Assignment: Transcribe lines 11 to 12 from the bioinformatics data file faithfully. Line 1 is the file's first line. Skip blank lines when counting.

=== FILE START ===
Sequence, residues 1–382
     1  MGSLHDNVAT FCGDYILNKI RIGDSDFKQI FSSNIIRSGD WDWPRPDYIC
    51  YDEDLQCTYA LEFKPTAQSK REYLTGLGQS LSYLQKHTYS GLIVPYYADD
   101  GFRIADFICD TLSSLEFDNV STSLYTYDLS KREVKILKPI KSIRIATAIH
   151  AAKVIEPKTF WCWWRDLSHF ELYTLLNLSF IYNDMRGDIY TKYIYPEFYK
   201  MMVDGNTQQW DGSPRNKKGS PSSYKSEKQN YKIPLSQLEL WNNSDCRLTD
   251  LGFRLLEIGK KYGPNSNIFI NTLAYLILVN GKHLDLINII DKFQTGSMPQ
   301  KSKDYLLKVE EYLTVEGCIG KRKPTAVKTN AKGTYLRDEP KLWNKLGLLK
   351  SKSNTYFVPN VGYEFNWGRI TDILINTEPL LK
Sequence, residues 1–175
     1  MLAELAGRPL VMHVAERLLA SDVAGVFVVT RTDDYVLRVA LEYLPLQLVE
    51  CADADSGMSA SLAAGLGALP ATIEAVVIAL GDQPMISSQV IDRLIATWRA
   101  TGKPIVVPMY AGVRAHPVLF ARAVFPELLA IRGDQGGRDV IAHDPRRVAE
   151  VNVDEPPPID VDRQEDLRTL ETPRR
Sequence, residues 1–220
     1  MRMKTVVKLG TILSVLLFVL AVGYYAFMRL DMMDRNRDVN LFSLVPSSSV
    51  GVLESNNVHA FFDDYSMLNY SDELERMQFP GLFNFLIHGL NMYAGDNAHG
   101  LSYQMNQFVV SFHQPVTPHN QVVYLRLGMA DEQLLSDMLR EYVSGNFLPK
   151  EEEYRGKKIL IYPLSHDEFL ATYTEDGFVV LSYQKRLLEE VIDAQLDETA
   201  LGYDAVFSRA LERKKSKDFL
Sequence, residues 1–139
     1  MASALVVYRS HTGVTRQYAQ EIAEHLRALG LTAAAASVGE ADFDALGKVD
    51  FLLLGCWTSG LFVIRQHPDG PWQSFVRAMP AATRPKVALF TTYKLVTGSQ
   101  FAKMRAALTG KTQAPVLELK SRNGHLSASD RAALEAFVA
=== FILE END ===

     1  MLAELAGRPL VMHVAERLLA SDVAGVFVVT RTDDYVLRVA LEYLPLQLVE
    51  CADADSGMSA SLAAGLGALP ATIEAVVIAL GDQPMISSQV IDRLIATWRA